An independent news publication of
United Way of Lancaster County


City Council passes Lancaster’s 2023 budget

Mayor Danene Sorace, right, and City Council members listen to public comments on the 2023 budget on Tuesday, Dec. 20, 2022. (Photo: Tim Stuhldreher)

City Council passed a $141 million 2023 budget on Tuesday that includes the first property tax hike in four years, along with increases in water, sewer, trash and stormwater fees.

All told, the increases will amount to about $295 for the average homeowner, or $73.75 per quarter.

Tuesday’s meeting was not without drama, as City Councilwoman Janet Diaz made a last-minute proposal to spread the property tax increase over three years.

The city is raising property taxes by 8%, from 11.7 mills to 12.64 mills. Diaz offered an amendment to limit the increase to 5% in 2023, followed by a 1% increase each year in 2024, 2025, and 2026.

That would limit the burden on residents “so they don’t have to work three and four jobs,” she said. “Our community is hurting.”

Mayor Danene Sorace and Director of Administration Patrick Hopkins warned that Diaz’ amendment, if enacted, would put Lancaster in violation of state law requiring cities to pass balanced budgets.

Why? The budget adoption process involves passing separate legislation authorizing appropriations and setting the rates for the city’s revenue sources. When Diaz made her motion, she and her colleagues already had unanimously voted for the spending bill. That committed them to passing the tax and fee increases needed to cover those expenditures, Sorace and Hopkins said.

After discussion, Diaz’ amendment failed 5-1, with Diaz casting the sole “yes” vote. (Councilwoman Faith Craig was absent Tuesday.)

Diaz went on to cast the sole vote against the property tax increase and the water and trash rate increases. She voted in favor of raising the stormwater and sewer fees, making those votes unanimous.

For more information

Lancaster’s 2023 budget, the mayor’s budget address and related materials are available on the Department of Administrative Service’s home page.

After the voting was over, Sorace said Diaz’ motion caught her and the city administration by surprise. There had been no hint of such a suggestion since the budget was introduced on Nov. 22, she said, including at City Council’s seven-hour budget hearings on Dec. 10.

The budget presented to council is not a first draft, the mayor said: It has gone through multiple rounds of cost-cutting that totals millions of dollars. Four years is the longest the city has gone without a property tax increase since 2006, and the chronic structural deficits that cities face due to outdated state law means that future budgets will involve even tougher decisions.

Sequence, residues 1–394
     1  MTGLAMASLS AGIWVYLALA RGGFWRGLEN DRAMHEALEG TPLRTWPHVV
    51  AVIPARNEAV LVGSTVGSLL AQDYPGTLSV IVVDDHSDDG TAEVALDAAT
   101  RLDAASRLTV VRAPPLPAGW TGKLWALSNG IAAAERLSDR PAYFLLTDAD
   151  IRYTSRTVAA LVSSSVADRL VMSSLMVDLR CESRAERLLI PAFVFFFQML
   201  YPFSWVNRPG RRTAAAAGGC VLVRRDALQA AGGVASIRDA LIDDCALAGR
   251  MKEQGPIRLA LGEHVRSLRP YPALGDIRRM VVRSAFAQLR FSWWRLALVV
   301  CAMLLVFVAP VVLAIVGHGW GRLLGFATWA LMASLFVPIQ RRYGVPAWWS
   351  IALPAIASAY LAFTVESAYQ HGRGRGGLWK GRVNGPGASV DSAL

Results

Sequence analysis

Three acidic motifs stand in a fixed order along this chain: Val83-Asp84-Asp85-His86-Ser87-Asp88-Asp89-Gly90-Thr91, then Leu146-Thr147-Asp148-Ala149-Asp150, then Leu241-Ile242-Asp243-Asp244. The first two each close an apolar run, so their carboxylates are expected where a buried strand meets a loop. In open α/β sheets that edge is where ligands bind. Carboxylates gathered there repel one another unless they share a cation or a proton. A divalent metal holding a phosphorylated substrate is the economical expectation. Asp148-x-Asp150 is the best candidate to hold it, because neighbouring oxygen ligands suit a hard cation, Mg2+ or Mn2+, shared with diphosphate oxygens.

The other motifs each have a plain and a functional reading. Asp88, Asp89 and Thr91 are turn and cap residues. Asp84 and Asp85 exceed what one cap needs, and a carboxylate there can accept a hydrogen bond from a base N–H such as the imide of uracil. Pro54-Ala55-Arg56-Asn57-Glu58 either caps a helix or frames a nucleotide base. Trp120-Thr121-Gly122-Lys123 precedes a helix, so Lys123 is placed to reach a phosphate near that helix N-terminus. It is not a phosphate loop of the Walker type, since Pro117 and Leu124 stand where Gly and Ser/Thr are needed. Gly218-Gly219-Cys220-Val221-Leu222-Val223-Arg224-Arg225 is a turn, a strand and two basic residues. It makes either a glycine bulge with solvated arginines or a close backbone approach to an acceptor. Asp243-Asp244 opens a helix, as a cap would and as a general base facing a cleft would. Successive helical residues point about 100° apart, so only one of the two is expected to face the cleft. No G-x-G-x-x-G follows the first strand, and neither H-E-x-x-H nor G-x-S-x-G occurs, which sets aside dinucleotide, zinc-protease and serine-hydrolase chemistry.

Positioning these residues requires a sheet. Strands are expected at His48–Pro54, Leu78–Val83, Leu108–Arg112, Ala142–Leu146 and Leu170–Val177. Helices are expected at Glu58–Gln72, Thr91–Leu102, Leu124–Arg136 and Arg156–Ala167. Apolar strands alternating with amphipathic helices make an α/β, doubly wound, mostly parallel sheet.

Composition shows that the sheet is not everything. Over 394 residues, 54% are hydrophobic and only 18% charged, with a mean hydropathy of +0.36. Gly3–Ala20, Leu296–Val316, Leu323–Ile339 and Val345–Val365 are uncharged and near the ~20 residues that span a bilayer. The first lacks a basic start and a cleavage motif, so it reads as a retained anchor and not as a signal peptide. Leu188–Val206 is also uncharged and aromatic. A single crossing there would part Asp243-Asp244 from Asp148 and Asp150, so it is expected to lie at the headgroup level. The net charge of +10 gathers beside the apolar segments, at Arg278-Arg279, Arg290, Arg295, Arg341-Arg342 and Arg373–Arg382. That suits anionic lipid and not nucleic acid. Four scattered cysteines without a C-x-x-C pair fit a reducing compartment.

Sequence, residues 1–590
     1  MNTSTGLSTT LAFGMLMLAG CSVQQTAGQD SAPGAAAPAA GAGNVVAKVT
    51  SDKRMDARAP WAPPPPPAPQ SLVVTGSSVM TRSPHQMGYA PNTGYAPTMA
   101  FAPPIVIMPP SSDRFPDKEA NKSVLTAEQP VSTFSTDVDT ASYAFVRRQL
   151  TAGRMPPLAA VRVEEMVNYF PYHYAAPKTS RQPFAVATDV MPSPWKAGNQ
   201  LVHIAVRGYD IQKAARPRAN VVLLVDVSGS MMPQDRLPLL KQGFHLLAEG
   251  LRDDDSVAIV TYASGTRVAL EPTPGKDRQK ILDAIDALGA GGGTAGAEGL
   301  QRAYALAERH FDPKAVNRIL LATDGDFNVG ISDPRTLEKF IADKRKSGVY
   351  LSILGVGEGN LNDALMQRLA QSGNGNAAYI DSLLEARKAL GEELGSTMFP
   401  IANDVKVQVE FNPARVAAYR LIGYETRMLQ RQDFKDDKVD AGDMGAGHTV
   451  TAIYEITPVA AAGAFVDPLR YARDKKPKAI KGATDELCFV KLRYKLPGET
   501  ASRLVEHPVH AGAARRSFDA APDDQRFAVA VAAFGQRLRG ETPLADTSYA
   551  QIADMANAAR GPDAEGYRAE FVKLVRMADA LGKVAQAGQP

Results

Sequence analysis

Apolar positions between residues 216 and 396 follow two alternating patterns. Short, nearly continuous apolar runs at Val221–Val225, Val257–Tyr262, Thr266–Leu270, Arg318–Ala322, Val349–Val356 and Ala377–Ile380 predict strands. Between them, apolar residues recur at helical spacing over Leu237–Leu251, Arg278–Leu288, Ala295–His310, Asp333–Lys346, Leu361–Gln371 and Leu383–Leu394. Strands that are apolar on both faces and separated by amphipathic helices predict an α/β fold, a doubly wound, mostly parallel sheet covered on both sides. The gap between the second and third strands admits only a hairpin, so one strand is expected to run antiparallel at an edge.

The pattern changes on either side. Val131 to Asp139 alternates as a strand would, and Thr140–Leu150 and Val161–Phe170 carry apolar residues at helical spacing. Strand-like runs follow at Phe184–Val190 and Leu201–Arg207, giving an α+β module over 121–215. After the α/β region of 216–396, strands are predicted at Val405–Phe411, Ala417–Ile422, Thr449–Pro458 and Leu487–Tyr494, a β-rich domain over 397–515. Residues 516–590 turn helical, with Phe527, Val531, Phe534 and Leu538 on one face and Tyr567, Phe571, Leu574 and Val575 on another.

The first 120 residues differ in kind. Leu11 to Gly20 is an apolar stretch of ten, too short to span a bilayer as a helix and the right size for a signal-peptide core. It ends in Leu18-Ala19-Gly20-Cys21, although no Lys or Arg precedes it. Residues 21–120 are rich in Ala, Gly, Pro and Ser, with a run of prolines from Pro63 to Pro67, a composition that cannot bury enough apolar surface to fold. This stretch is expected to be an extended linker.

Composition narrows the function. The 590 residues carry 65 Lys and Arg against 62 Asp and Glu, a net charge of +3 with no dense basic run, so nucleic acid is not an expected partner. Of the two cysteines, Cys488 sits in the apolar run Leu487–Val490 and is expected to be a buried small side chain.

Council members are welcome to get more involved in the budget process, Sorace said, and her administration will work on improving transparency to make it clearer to the public how it arrives at the proposals it presents for adoption.

Money for infrastructure

The budget calls for just under $72 million in general fund spending, and $69.2 million spread across its water, sewer and trash funds and its stormwater fund, which supports green infrastructure and other efforts to mitigate stormwater runoff into the city’s sewer system.

The city is raising utility rates in part to pay for infrastructure projects intended to catch up with decades of deferred maintenance. Former Mayor Art Morris urged City Council to press the administration harder on those spending decisions.

Yes, service lines have to be fixed, but it’s a balancing act, and City Council shouldn’t take the Public Works department’s projections on faith, he said.

He criticized the decision to shift only $2 million from the water fund to the general fund in 2023 and 2024, rather than the $4 million in previous years. The money represents the return on the investment the city made when it extended its water line to the Susquehanna River, and it’s a mistake to forego it, he said.

Hopkins told City Council earlier in December the change is being made in order to set up a $750,000 design and engineering fund so that public works projects can be implemented in a more timely manner, and to limit the financial demands being made of water ratepayers.

The city is budgeting $6 million in federal American Rescue Plan Act money for its general fund. The actual appropriation will be made retroactively; on Tuesday, $4.5 million from ARPA was appropriated to pay police and fire expenses in 2022.

City Council did make one amendment to the budget before passing it, reducing the increase in the mayor’s salary by $919.

By city ordinance, the increase is tied the state legislature’s raises. In Lancaster’s draft budget, the increase was estimated at 8.8%; subsequently, the legislature’s increase was set at 7.7667%. Applying that percentage yields compensation for Sorace in 2023 of $95,786, rather than $96,705.